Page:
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Smaller communities appeal to job seekers

Monday, November 9, 2020 - 13:59

Read the original article here on Toronto Sun’s website.

Change in lifestyle a motivating factor

When Jasper Davis and his wife first purchased their home in Oshawa after living in Toronto, they didn’t mind their commute to work in the city.

But after becoming parents, spending nearly three hours a day getting to and from work began to take its toll and each began looking in earnest for jobs close to home.

“I didn’t want to settle for anything. I was at a small start-up tech company in Toronto and wanted to be in a place that had a similar vibe,” says the design specialist.

This past spring, he landed a job at the Spark Centre, a business incubator for innovation and technology companies that’s located in downtown Oshawa, the largest municipality in Durham Region.

“It has changed my life…It’s not like Toronto, where you’re a small fish in a big pond. I like the sense of community,” says Davis, who can now walk to work in just 10 minutes. He landed the job with the help of Durham Recruiting, a recruiting firm that estimates the average commuter from Oshawa to downtown Toronto will spend 690 hours – the equivalent of three working months – a year.

Realtors have noticed growing interest in suburban or rural communities outside the City of Toronto in recent years, thanks in large part to what some refer to as an ‘affordability crisis’ in urban centres.

The COVID-19 pandemic heightened that trend, with many people moving because they feel more comfortable in a suburban or rural community and/or want more space while working and learning from home.

But for many people, communities outside Toronto are attractive not just because housing is relatively affordable but because they also offer competitive work opportunities.

The top three spots in Monster’s list of top 10 cities for job searches outside the City of Toronto between July 1 and the end of August were Belleville, Oshawa and London.

“Our experience tells us that often the motivating factor for looking to work in Belleville is a desire for a change in lifestyle – moving to a smaller, safer, more affordable community with more lifestyle and family amenities than can be found in large urban centres,” says Karen Poste, manager of economic and strategic initiatives.

Most business sectors are represented in Belleville, with manufacturing and logistics the most influential. Tradespeople, engineers, labourers and people with experience in food processing and manufacturing are in demand, as are financial, communications, customer service, managerial and computer professionals.

Real estate in the City of Belleville is divided into two wards. The average home in Belleville Ward will fetch $388,000, while the average home in Thurlow Ward costs nearly $440,000, according to the most recent figures posted by the Quinte & District Association of Realtors.

According to commercial real estate services and investment firm CBRE, tech talent in Oshawa grew by more than 50 per cent from 2013 to 2018, making it one of the fastest growing small cities for tech talent in Canada.

“We welcome the increased interest in areas such as network administration, DevOps engineering and software development,” says Oshawa Mayor Dan Carter.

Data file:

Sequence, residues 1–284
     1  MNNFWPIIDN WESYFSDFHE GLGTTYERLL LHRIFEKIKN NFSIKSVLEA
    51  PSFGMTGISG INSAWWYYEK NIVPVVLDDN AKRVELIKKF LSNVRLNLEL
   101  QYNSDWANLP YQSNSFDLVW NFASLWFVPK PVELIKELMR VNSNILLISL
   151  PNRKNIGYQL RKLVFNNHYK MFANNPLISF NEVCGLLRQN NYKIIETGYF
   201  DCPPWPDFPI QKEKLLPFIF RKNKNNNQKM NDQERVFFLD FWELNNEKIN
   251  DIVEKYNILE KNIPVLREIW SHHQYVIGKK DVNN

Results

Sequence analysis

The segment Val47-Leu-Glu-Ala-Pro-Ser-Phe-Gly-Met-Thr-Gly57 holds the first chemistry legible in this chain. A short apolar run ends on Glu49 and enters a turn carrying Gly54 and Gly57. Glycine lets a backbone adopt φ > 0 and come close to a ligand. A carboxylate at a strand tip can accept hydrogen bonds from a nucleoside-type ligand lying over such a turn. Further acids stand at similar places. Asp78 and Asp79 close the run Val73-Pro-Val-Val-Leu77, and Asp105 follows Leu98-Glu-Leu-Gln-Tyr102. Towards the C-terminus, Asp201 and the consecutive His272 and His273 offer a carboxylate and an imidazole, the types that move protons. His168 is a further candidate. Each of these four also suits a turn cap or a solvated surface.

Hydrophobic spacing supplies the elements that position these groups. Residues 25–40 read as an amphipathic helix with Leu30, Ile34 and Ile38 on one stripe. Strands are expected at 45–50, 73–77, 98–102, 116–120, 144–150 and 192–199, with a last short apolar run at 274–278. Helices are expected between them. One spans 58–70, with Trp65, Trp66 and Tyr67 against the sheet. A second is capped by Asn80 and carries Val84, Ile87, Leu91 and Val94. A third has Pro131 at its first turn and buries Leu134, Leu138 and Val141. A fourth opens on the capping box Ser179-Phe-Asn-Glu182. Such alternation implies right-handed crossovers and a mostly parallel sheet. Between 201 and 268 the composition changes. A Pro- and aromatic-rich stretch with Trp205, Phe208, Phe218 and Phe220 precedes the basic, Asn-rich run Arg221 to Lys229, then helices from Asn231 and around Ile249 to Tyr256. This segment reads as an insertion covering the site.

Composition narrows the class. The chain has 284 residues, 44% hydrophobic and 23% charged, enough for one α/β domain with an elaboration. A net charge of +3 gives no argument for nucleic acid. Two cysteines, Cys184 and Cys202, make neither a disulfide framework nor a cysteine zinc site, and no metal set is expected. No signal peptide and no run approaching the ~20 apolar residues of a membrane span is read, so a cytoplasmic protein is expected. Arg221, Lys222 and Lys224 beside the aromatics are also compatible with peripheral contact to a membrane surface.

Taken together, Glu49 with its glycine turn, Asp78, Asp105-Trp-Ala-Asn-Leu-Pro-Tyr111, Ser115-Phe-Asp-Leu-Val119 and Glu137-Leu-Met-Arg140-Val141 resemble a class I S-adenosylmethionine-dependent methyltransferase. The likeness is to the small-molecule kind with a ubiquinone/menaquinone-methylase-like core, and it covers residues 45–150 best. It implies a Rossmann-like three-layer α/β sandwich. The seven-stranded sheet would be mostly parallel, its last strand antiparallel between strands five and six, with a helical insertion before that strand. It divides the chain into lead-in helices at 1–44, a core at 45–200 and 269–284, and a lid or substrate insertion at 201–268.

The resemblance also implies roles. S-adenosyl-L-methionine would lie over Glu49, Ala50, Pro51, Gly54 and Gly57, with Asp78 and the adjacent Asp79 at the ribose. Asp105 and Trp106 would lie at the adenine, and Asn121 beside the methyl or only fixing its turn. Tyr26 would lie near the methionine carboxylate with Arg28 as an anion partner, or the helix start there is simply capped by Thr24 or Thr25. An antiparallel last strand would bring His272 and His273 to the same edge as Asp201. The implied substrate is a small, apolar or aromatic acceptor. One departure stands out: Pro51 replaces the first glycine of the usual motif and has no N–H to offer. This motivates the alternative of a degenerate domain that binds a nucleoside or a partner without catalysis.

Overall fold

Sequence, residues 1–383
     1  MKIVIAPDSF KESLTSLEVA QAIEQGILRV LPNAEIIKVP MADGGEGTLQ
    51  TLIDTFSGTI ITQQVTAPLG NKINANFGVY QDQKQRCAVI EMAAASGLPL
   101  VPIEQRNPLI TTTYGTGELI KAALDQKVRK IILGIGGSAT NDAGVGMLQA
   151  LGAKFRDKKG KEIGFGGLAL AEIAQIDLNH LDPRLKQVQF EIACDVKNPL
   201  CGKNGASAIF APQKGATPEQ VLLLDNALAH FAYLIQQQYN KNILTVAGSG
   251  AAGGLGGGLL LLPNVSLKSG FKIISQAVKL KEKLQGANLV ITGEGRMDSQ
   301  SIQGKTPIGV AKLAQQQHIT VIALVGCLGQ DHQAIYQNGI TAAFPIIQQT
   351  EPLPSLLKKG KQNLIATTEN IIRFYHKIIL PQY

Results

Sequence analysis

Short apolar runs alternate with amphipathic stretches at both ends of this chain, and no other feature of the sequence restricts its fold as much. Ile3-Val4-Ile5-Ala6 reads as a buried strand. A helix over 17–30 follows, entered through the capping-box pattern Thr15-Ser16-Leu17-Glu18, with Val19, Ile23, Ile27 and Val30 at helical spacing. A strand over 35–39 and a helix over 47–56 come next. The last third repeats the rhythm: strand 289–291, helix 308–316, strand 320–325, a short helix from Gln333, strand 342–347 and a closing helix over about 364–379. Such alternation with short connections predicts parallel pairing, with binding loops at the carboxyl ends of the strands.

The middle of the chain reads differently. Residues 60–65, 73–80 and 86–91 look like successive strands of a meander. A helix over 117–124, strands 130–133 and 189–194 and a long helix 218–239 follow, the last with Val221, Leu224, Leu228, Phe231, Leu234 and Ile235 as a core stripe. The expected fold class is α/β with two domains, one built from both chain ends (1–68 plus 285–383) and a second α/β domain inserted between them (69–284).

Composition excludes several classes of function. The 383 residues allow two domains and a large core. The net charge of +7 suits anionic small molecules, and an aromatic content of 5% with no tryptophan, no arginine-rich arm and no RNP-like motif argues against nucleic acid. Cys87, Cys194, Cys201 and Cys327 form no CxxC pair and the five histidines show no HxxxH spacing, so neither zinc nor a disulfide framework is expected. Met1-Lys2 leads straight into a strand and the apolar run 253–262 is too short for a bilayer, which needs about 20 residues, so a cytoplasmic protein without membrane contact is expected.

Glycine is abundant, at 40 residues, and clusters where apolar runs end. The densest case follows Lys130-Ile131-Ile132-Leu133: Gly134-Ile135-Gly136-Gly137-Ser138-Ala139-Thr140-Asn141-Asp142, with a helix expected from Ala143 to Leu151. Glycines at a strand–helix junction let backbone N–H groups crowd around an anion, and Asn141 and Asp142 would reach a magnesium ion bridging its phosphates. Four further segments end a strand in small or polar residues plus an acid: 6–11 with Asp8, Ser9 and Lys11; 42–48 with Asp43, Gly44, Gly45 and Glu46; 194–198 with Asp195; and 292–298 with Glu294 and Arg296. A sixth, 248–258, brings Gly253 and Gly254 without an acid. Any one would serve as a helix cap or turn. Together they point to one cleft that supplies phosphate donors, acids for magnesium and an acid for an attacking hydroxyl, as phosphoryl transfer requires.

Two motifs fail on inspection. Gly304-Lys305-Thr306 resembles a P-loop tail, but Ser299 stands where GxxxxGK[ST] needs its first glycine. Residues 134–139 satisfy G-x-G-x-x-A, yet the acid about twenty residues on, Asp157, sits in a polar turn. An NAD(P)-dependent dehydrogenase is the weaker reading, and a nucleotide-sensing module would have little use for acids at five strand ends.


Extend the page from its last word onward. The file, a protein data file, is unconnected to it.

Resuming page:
The city’s assets include Durham College’s AI/Hub and Centre for Cybersecurity Innovation, Ontario Tech University and the ACE Climatic Wind Tunnel. GM Canada’s new McLaughlin Advanced Technology Track, currently under construction, will serve as a test bed for advanced vehicle software and autonomous technologies.

Meanwhile, a millennial migration study carried out by Ryerson University’s Centre for Urban Research and Land Development found Durham Region to be one of the top three millennial migration destinations in the country. “As millennials begin to raise families, we’ve noticed a premium being placed on real estate that offers additional space and affordability,” Carter says.

“In that respect, Oshawa’s proximity to the Greater Toronto Area is an excellent value proposition. Recent trends are indicating that millennials are considering alternatives away from big cities for locations with better value.”

The average house price in Oshawa in August was $613,000, according to the Durham Region Association of Realtors.  Rounding out Monster’s top three is the City of London, home to primary economic sectors that include agri-food, advanced manufacturing, health and professional services. Its digital media and technology sector has notable strengths in information communication technology, digital media, software as a service, game development, eCommerce and financial technology.

More than 350 companies currently employ more than 9,000 people in the digital media and technology sector, reports Debra Mountenay, executive director of the Workforce Planning and Development Board for the London economic region. The average home price in the City of London was $527,414 in September, according to the London and St. Thomas Association of Realtors.

TOP 10 COMMUNITIES

Realtors have noticed growing interest in communities outside the City of Toronto and Monster, billed as a global leader in connecting the right people to the right jobs, has too. According to its research, job searches between July 1 and the end of August were highest in these 10 cities:

1. Belleville
2. Oshawa
3. London
4. Thornhill
5. Mississauga
6. Kitchener
7. Bradford
8. North York
9. Newmarket
10. Scarborough

Monster reports an increase in the volume of searches for the following roles in September compared to August: network administrator, conventional transit operator, barista, DevOps engineer, software developer analyst and package handler.

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